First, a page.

Patterns of change in the isotope composition of sulfur-bearing minerals play a key role in reconstructing the marine sulfur cycle. Determining marine sulfate concentration, in particular, is critical to understanding the linkages between oxygenation of the Earth's atmosphere and oceans, and the history of life. Much of our current understanding of marine oxygenation relies on a traditional single reservoir model, wherein the isotopic composition of marine sulfate is controlled primarily by burial of sedimentary pyrite. Utility of this model is limited, however, during times of persistent marine euxinia, which marks a fundamental decoupling between oxic and anoxic marine sulfur reservoirs. At these times, short-term fluxes that act between the two reservoirs (e.g., sulfate reduction and sulfide oxidation processes) often dominate over the long term fluxes (e.g., weathering and pyrite burial) that control the single reservoir ocean model. Ordovician strata from Argentina, western Newfoundland, and South China illustrate how the marine sulfur cycle is affected by the presence of a persistent euxinic reservoir. Regional euxinic reservoirs remain generally stable from the Floian through the Dapingian, despite evidence for periodic short-term oxygenation events. Dramatic reorganization of the marine sulfur cycle in the early Darriwilian, however, reflects dynamic disequilibrium between oxic and anoxic (euxinic) marine reservoirs, driven by ocean ventilation. Ventilation resulted in a rapid change in the isotopic composition of marine sulfate in surface oceans, and ultimately led to the near depletion of hydrogen sulfide within the anoxic reservoir, as marked by formation of superheavy pyrite. Ventilation occurred coincident with a decline in sea surface temperatures and may represent the onset of climatic change that ultimately led to late Ordovician glaciation.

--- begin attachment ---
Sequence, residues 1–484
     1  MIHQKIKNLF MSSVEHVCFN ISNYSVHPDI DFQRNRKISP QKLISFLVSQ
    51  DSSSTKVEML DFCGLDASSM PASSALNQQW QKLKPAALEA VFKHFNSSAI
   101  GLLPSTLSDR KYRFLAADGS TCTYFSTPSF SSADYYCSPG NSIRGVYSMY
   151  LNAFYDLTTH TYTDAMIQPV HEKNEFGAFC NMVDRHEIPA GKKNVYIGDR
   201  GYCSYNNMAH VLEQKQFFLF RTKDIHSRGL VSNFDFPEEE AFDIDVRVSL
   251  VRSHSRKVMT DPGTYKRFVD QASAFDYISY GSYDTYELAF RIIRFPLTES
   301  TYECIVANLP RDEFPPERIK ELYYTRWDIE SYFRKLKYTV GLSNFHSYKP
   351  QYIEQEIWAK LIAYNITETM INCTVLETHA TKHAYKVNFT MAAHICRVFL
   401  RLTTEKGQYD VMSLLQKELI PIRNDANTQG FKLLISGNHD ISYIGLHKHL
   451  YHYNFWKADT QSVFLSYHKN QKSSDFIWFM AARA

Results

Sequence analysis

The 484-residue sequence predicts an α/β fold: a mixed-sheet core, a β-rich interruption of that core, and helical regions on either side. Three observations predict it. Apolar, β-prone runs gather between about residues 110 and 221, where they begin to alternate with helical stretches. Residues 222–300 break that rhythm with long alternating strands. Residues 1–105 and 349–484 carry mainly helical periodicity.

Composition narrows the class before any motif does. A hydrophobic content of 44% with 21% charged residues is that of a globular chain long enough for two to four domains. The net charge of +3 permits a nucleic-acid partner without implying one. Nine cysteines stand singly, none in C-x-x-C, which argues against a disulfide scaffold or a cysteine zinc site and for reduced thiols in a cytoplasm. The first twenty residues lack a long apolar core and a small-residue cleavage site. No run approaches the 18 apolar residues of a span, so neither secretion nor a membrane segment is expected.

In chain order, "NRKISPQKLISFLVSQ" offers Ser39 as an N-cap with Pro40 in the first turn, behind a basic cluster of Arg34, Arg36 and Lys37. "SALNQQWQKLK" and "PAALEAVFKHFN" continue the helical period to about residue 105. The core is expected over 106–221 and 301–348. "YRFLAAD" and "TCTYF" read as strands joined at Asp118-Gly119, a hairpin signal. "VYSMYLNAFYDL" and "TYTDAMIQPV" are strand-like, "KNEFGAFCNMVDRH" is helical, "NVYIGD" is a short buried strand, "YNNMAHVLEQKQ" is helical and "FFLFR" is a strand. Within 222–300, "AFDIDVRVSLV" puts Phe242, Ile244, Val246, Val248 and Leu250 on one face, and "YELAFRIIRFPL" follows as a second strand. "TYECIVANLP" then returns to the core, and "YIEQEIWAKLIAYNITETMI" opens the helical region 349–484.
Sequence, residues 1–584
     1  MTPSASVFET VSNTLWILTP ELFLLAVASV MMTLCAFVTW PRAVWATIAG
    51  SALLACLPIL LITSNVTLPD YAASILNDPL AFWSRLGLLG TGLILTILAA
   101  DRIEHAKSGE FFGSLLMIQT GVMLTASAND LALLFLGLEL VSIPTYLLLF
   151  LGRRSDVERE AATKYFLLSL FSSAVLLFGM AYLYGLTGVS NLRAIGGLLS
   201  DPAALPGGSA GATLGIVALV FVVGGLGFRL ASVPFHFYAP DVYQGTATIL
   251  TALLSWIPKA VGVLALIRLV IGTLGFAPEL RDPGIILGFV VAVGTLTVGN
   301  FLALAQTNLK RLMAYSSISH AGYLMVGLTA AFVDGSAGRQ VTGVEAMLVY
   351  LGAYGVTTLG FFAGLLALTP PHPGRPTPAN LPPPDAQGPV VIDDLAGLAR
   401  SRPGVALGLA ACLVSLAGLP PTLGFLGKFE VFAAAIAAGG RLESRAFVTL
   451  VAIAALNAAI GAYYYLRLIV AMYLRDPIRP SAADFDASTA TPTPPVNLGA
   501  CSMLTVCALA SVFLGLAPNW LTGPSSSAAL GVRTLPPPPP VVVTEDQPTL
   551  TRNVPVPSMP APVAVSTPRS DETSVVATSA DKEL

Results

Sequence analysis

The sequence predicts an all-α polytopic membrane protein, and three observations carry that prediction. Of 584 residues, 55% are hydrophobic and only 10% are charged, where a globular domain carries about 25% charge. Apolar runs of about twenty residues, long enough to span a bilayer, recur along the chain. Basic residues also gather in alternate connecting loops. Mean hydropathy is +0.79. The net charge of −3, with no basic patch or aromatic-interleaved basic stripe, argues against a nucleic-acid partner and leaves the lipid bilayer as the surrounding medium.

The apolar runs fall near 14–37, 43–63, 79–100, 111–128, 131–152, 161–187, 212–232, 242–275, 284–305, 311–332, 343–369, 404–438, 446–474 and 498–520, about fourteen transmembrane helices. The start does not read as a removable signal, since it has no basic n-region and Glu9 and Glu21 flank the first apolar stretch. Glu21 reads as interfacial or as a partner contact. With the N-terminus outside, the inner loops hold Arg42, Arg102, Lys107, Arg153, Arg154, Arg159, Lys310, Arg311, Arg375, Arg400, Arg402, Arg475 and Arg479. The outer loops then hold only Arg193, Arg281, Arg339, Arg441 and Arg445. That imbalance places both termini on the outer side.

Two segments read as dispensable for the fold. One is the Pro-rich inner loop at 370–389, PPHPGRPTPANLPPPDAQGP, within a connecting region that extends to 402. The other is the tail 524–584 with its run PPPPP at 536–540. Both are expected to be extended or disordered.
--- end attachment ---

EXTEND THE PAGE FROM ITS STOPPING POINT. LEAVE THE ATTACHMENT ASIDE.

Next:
- Carbon isotopes
- Sulfur isotopes
ASJC Scopus subject areas
- Ecology, Evolution, Behavior and Systematics
- Earth-Surface Processes